The research population included 102 male and female participants - Israeli high school students aged 17-18 from three different high schools in north Israel, who all volunteered to participate in the research. They were members of the third and fourth generation after the Holocaust, however, not all of them had relatives who were Holocaust victims or survivors.
The research took place over a period of two academic years: from January 2015 (when the students were in the middle of Grade 11) until January 2016 (when they were in the middle of Grade 12). The research process included measurement of attitudes through the administration at three points in time during this period of a Moral Attitudes Questionnaire which included seven Holocaust moral dilemmas: Measurement 1 took place when the students were in the middle of Grade 11 in January 2015. At this time, they began their formal learning process for matriculation exams in Jewish Holocaust history and began their preparation for the journey to visit Holocaust memorial sites in Poland. Measurement 2 took place after the students returned from the journey to Poland in September 2015 at the beginning of Grade 12. Measurement 3 took place in January 2016 in the middle of Grade 12. At this time, the students completed their matriculation exams in Holocaust studies.
The research tool
The tool used in this study is a specially developed closed-ended questionnaire investigating the participant's moral attitudes towards post-Holocaust moral dilemmas. The questionnaire drew upon the pioneering work of Kohlberg (1973) and many of his followers for example: Foot (1967) and Graham et al. (2011). It presents seven main moral dilemmas that faced Jews after the Holocaust (1945-2016). These seven dilemmas were chosen because of the fact that they are especially noteworthy in a comprehensive review of the relevant literature regarding post-Holocaust era. Each dilemma is followed by two alternative moral solutions. All the dilemmas and all the solutions provided are historically authentic. Participants were requested to indicate their personal attitude concerning the two suggested different solutions, A or B, for each dilemma on a 5-point Likert scale where 1 = strongly disagree, and 5= strongly agree. They could choose to relate to one solution (A or B), or to both solutions, A+B. Alternatively, they could mark the response “I have no opinion” or write a solution of their own.
This included inferential statistics for the entire population of participants and was performed by "Repeated Measures", deductive statistical analysis using ANOVA tests and Bonferroni t-tests. This type of analysis was used in order to examine whether there was a significant statistical difference in the evolution of the participants' moral attitudes between one point of time and the next. The measurements were conducted at the three points in time for each participant’s attitudes towards each moral dilemma, so that a comparison could be performed between the measurements of each and every one of the participants. For further analysis the seven dilemmas were sorted into three categories according to similar characteristics.
This was an exploratory research, which as far as we could ascertain was the first study on the subject of Israeli high school students' perceptions over their moral attitudes towards Holocaust moral dilemmas. Therefore, there were no other results from similar research studies that we could compare with our results. This limitation could be overcome by further research on this issue.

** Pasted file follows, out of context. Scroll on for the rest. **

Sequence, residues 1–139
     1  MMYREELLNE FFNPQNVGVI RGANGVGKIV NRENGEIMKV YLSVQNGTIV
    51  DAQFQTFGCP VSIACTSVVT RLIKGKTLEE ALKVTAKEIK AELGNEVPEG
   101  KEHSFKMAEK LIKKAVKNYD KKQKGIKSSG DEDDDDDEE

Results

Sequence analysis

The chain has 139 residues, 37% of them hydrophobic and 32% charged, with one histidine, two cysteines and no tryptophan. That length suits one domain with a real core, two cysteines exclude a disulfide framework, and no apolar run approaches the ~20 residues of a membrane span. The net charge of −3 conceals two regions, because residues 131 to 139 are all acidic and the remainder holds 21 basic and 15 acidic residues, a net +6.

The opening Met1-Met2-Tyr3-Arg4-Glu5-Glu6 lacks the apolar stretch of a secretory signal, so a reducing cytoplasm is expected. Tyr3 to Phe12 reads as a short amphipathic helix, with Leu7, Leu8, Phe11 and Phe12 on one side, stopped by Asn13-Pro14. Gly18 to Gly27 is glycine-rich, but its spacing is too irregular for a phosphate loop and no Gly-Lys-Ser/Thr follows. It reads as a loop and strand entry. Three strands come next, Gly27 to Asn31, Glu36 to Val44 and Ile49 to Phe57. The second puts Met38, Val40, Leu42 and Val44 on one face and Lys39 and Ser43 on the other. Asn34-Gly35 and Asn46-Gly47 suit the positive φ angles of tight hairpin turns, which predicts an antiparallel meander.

Category 4 - "The perception of Jewish behavior towards the Nazis": including the 'Like Lambs to the slaughter dilemma', the 'Kapo dilemma', the 'Kastner dilemma' and the 'Resistance dilemma'. The main common characteristic of this category is the attempt to understand and evaluate the way that Jews behaved towards the Nazis from different perspectives. Moral deliberation for this category exists between “judgmental” versus “acceptance” moral attitudes. Means and SDs for grades given by the respondents for this category at three time points appear in Table
The results shown in Figure
Category 5 – "Consideration of revenge and compromise": including the 'Revengers dilemma' and the 'Restitution Payments dilemma'. The main common characteristic of this category is Jewish thinking and decisions concerning the way in which to treat the crimes of former Nazis in the post-Holocaust era. Moral deliberation exists between "affective-intuitive” versus “rational-utilitarian” moral solutions. Means SDs for grades given by the respondents for this category at three time points appear in Table
Category 6 – "The Perception of the Holocaust as a historical event": including the 'Comparison of the Holocaust dilemma'. The essence of the dilemma is whether or not to compare the Jewish Holocaust to other genocides in history. Moral deliberation exists between “universal” versus “Jewish-particular” moral solutions. Means and SDs for grades given by the respondents for this category at three time points appear in Table
The results shown in Figure
In order to address the question whether there were significant differences in the evolution of Holocaust-era moral attitudes between the different stages of learning, a comparison was drawn between the changes at the different stages. Table
It can be summarized that the evolution of the participants’ attitudes towards Post-Holocaust era moral dilemmas demonstrates significant change only for category 5a - "Consideration of revenge and compromise", where the participants' agreement with the affective-intuitive moral solution decreased significantly, and for Category 6a -"The perception of the Holocaust as a historical event", where the agreement with the Universal moral solution decreased significantly.